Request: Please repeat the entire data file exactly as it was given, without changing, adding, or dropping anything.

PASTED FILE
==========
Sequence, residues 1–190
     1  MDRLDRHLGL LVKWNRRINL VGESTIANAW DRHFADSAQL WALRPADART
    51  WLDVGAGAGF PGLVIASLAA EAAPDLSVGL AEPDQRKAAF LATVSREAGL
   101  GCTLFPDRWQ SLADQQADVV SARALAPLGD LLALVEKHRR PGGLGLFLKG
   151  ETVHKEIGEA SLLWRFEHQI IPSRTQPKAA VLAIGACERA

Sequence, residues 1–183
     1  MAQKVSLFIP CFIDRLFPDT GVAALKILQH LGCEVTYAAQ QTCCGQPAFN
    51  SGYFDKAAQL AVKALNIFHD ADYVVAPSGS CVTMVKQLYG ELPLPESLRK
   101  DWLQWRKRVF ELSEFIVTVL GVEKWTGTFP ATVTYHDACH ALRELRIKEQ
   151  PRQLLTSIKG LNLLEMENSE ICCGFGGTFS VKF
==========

Sequence, residues 1–190
     1  MDRLDRHLGL LVKWNRRINL VGESTIANAW DRHFADSAQL WALRPADART
    51  WLDVGAGAGF PGLVIASLAA EAAPDLSVGL AEPDQRKAAF LATVSREAGL
   101  GCTLFPDRWQ SLADQQADVV SARALAPLGD LLALVEKHRR PGGLGLFLKG
   151  ETVHKEIGEA SLLWRFEHQI IPSRTQPKAA VLAIGACERA

Sequence, residues 1–183
     1  MAQKVSLFIP CFIDRLFPDT GVAALKILQH LGCEVTYAAQ QTCCGQPAFN
    51  SGYFDKAAQL AVKALNIFHD ADYVVAPSGS CVTMVKQLYG ELPLPESLRK
   101  DWLQWRKRVF ELSEFIVTVL GVEKWTGTFP ATVTYHDACH ALRELRIKEQ
   151  PRQLLTSIKG LNLLEMENSE ICCGFGGTFS VKF